MA: The Ministry of Tourism expects the number of international visitors to the country in 2018 to reach 6.8 million, a 3.3 percent increase compared to 6.58 million in 2017. The new government recognizes tourism as an important pillar of our country's growth, and will work to reduce the 'Brazil cost,' the country's value-for-money problem which includes high taxes, rigid labor laws and poor infrastructure, implementing measures to reduce bureaucracy, improve the business environment and stimulate entrepreneurship and innovation.
I recommend that investors keep an eye on Brazil in the years to come. The country will enter a solid development cycle, and has everything to be the next frontier of development in several sectors, including tourism.
TP: How many North Americans (including Canadians) visited Brazil in 2018 and 2017? How many Americans (not including Canadians) visited Brazil in the same years?
MA: Brazil received a total of 525,000 visitors from the United States and Canada in 2017, of which 475,000 were Americans and 49,000 were Canadians. We do not yet have the consolidated data for 2018, but a significant surge in visa applications last year, up 40 percent compared to the same period in 2017, is a positive sign for Brazilian tourism.
TP: How have Brazil's political and economic struggles impacted tourism?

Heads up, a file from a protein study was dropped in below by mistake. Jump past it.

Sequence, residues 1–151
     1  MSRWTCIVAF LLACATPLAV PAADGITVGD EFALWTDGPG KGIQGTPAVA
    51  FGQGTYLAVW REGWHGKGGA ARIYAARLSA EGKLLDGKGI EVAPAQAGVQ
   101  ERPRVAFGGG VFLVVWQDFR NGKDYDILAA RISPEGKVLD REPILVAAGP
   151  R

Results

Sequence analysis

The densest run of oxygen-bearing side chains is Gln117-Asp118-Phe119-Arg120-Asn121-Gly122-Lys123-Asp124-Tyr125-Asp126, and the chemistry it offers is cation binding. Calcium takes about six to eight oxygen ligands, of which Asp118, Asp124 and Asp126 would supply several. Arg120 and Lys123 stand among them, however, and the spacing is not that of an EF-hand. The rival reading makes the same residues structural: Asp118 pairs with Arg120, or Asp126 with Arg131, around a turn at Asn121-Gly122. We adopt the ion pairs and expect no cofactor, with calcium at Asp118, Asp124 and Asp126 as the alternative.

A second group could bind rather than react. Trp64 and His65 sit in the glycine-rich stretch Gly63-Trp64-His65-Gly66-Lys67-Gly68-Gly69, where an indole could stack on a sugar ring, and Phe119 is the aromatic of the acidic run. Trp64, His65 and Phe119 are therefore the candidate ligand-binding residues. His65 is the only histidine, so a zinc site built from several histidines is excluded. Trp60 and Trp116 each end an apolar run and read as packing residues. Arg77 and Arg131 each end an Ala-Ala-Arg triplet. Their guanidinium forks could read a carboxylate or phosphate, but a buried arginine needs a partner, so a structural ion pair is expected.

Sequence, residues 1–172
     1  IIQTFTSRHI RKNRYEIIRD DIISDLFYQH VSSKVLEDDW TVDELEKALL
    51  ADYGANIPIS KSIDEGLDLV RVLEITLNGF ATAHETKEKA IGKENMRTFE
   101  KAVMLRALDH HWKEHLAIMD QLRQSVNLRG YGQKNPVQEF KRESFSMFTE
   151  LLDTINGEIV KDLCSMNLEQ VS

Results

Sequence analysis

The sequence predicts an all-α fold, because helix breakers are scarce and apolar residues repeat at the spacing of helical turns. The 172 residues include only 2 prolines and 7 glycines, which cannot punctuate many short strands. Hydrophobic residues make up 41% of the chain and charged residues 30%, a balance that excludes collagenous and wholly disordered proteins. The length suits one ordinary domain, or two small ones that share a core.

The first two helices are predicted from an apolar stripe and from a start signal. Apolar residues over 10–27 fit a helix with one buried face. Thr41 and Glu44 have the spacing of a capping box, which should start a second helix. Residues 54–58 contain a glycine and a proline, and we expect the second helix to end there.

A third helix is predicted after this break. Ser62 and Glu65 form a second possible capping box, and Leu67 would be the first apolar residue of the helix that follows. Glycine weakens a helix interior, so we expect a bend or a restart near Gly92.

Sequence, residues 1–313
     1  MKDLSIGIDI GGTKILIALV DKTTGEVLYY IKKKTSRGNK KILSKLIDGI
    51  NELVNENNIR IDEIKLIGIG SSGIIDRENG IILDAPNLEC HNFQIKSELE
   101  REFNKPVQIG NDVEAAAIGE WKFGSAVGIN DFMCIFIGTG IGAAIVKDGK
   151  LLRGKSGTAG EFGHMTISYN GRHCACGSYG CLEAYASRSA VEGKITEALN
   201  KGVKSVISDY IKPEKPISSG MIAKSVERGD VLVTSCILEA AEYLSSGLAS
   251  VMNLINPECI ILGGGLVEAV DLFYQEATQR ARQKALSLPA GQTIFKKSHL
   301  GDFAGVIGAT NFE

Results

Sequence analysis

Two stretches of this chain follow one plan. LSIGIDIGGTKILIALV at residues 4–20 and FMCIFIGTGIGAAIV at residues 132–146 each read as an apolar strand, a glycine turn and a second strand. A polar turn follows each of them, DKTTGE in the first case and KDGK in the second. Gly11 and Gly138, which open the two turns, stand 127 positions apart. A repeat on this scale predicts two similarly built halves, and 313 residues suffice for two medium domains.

MA: Many large economies in the world have been hit hard by crises and used tourism as leverage in order to grow the economy. In Brazil's case, a series of political-economic obstacles hinder its development and prevented the country from fully exploring the huge untapped touristic potential.
The main obstacle was undoubtedly the neglect in prioritizing tourism as a key target to promote economic growth. A study of tourism competitiveness by the World Economic Forum ranked Brazil at 126th in a group of 136 countries regarding the priority given to the tourism sector by the government in their strategic agenda. The new government has a commitment to change this scenario. Tourism will be central to the country's strategic agenda.
TP: The attractions in and around Rio are familiar to many American travelers, but Brazil, of course, is very large and has a lot to offer. What lesser-known regions of the country are you seeking to promote to travelers?